Pursuant to the membership Agreement, members must keep a valid credit or debit card on file with Zipcar and "are billed for amounts due via credit or debit card." ( Id. § 4.2.) Members are "responsible for any and all damage that occurs to a Zipcar vehicle while in the Member's possession or control." ( Id. § 5.1.) As long as the member complies with the terms and conditions of the Agreement, liability will generally be limited to a predetermined damage fee, which is calculated based upon the member's driving plan and the type of vehicle used. For an additional charge, eligible members can purchase a damage fee waiver that will reduce or eliminate the damage fee. The Agreement is expressly governed by Massachusetts law, and provides that "[a]ll disputes hereunder shall be resolved solely in the applicable state or federal courts of Massachusetts, " and "the parties hereby consent to the exclusive jurisdiction of such courts... and waive any jurisdictional or venue defenses otherwise available." ( Id. § 9.5.)

3. The Disputed Charge

In October 2012, Zipster Jessica Sigall rented a Zipcar using a credit card issued by Citibank to her father, Michael Sigall. The Zipcar's mirror was damaged by an unknown person, and Zipcar debited Mr. Sigall's credit card for a damage fee of $486.34. Plaintiffs had not agreed to the charge after the damage occurred, and no court had determined that they were liable. Plaintiffs subsequently made a claim with their insurer, which requested documentation regarding the damage from Zipcar. Zipcar did not provide these materials, and the insurer therefore has not paid the claim. Plaintiffs also made a complaint with Citibank, which conditionally credited their account but later re-billed them for the charge.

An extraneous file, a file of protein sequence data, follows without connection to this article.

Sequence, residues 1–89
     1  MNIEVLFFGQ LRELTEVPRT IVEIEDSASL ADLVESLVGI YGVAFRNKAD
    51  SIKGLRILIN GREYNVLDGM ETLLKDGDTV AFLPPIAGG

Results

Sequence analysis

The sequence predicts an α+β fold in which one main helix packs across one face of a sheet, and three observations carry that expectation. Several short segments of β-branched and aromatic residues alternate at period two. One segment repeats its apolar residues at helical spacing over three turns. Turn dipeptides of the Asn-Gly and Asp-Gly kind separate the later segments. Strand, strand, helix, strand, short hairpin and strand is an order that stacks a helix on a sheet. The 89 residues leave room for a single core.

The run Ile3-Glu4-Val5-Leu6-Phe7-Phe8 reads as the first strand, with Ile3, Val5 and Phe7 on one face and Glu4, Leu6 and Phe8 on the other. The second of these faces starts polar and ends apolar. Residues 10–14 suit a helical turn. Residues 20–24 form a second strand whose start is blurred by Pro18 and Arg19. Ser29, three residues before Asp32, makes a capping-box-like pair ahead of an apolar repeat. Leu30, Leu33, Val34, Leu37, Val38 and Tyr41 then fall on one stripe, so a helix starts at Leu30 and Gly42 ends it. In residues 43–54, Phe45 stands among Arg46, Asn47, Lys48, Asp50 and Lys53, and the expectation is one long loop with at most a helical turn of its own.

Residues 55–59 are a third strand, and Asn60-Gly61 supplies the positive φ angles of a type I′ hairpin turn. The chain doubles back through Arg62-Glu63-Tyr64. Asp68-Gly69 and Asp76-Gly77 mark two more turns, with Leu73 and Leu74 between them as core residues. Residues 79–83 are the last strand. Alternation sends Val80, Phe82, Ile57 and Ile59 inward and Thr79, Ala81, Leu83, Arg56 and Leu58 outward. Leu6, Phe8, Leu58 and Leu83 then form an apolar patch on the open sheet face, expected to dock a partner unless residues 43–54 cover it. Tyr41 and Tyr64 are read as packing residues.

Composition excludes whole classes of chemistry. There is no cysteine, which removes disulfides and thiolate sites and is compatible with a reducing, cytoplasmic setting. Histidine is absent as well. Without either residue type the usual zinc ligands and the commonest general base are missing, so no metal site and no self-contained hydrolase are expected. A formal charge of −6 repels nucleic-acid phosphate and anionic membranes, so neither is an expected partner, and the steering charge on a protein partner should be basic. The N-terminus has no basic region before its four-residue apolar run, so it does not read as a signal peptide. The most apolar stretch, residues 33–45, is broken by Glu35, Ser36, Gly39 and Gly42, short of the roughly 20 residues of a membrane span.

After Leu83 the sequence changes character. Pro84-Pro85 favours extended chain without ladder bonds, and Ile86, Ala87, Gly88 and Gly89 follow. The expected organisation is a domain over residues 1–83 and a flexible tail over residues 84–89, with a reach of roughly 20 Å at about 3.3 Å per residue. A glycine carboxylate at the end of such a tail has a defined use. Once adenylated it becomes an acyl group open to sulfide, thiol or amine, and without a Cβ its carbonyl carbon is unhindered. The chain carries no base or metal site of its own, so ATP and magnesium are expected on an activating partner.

B. Procedural Background

Plaintiffs initiated this action on July 1, 2013. (Dkt. No. 1.) Plaintiffs filed a motion for class certification and a motion to enter and continue their motion for class certification on July 18. (Dkt. Nos. 10 & 13.)[1] Zipcar moved to dismiss on September 9, 2013. (Dkt. No. 18.) Plaintiffs voluntarily dismissed their Truth in Lending Act claims against Citibank on January 30, 2014. (Dkt. No. 42.)

II. Legal Standards

A. Motion to Dismiss

On a motion to dismiss for failure to state a claim, a court accepts all well-pleaded factual allegations as true and draws all reasonable inferences in the pleader's favor. Ashcroft v. Iqbal, 556 U.S. 662, 678-79 (citing Bell Atl. Corp. v. Twombly, 550 U.S. 544, 555 (2007)). However, the court will not consider mere conclusory allegations which lack a factual basis, Hayden v. Paterson, 594 F.3d 150, 160-61 (2d Cir. 2010), or "[t]hreadbare recitals of the elements of a cause of action" that amount to no more than legal conclusions, Iqbal, 556 U.S. at 678 (citing Twombly, 550 U.S. at 555). If the complaint does not provide a basis for the court to plausibly infer that the defendant is liable for the misconduct alleged, the motion must be granted. See id. at 678.